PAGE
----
A&A 413, 609-622 (2004)
DOI: 10.1051/0004-6361:20031572

Sulphur-bearing species in the star forming region L1689N

V. Wakelam1 - A. Castets1 - C. Ceccarelli1,2 - B. Lefloch2 - E. Caux3 - L. Pagani4

1 - Observatoire de Bordeaux, BP 89, 33270 Floirac, France
2 - Laboratoire d'Astrophysique, Observatoire de Grenoble, BP 53, 38041 Grenoble Cedex 9, France
3 - CESR CNRS-UPS, BP 4346, 31028, Toulouse Cedex 04, France
4 - LERMA & FRE 2460 du CNRS, Observatoire de Paris, 61 Av. de l'Observatoire, 75014 Paris, France

Received 10 June 2002 / Accepted 7 October 2003

We report observations of the expected main S-bearing species (SO, SO2 and H2S) in the low-mass star forming region L1689N. We obtained large scale ($\sim$ $300'' \times 200''$) maps of several transitions from these molecules with the goal to study the sulphur chemistry, i.e. how the relative abundances change in the different physical conditions found in L1689N. We identified eight interesting regions, where we carried out a quantitative comparative study: the molecular cloud (as reference position), five shocked regions caused by the interaction of the molecular outflows with the cloud, and the two protostars IRAS 16293-2422 and 16293E. In the cloud we carefully computed the gas temperature and density by means of a non-LTE LVG code, while in other regions we used previous results. We hence derived the column density of SO, SO2 and H2S, together with SiO and H2CO - which were observed previously - and their relevant abundance ratios. We find that SiO is the molecule that shows the largest abundance variations in the shocked regions, whereas S-bearing molecules show more moderate variations. Remarkably, the region of the brightest SiO emission in L1689N is undetected in SO2, H2S and H2CO and only marginally detected in SO. In the other weaker SiO shocks, SO2 is enhanced with respect to SO. We propose a schema in which the different molecular ratios correspond to different ages of the shocks. Finally, we find that SO, SO2 and H2S have significant abundance jumps in the inner hot core of IRAS 16293-2422 and discuss the implications of the measured abundances.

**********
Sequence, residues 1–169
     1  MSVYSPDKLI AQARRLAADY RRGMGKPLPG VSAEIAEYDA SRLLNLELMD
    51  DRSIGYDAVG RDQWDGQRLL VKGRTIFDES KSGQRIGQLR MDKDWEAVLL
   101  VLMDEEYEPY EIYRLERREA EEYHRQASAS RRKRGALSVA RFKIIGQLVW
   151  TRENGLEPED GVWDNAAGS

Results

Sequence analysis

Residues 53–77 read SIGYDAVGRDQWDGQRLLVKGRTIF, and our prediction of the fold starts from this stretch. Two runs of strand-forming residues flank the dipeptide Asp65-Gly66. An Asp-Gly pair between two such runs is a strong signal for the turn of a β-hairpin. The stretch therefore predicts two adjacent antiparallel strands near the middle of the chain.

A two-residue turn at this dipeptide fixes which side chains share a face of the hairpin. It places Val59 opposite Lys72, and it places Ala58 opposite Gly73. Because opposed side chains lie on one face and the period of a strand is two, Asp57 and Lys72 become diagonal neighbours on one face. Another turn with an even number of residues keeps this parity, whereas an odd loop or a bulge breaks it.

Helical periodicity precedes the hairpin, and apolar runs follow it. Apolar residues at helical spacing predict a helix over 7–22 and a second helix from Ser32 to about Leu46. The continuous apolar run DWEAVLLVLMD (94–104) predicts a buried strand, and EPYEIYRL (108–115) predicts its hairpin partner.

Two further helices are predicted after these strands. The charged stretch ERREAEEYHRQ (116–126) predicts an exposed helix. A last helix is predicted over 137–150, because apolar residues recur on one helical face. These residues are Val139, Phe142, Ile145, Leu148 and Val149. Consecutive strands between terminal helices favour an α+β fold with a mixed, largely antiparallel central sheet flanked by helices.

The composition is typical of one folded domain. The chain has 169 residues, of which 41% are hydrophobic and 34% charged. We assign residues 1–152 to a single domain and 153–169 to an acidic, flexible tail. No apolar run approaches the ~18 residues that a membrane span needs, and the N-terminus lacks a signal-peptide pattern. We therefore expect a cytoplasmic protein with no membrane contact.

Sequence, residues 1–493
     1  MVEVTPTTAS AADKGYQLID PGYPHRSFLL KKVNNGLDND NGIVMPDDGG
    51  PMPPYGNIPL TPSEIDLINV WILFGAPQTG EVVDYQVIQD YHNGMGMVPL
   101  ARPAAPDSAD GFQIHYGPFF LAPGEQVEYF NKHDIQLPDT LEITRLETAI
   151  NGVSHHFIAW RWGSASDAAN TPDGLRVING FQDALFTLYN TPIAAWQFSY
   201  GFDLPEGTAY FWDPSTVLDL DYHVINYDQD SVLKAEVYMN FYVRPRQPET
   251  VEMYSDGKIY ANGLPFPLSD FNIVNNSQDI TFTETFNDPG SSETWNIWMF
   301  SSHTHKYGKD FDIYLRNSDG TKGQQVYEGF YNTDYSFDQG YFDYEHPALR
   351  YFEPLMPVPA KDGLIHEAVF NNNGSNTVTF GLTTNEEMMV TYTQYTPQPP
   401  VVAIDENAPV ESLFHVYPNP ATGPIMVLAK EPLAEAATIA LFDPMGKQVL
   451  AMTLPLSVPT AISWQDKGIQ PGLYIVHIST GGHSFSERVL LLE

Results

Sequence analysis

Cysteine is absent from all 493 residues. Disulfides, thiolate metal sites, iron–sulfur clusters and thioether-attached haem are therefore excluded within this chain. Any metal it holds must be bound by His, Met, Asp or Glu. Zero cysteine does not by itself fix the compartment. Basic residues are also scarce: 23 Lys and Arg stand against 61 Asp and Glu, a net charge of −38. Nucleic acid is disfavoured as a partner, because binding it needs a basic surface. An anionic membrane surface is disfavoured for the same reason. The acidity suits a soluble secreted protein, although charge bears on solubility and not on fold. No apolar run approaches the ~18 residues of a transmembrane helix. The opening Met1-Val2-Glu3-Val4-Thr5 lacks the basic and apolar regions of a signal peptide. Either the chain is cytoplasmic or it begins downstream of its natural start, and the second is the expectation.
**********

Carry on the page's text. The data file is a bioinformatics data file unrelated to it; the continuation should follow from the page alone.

Key words: ISM: abundances - ISM: molecules - stars: formation - ISM: individual objects: L1689N - ISM: individual objects: IRAS 16293-2422

1 Introduction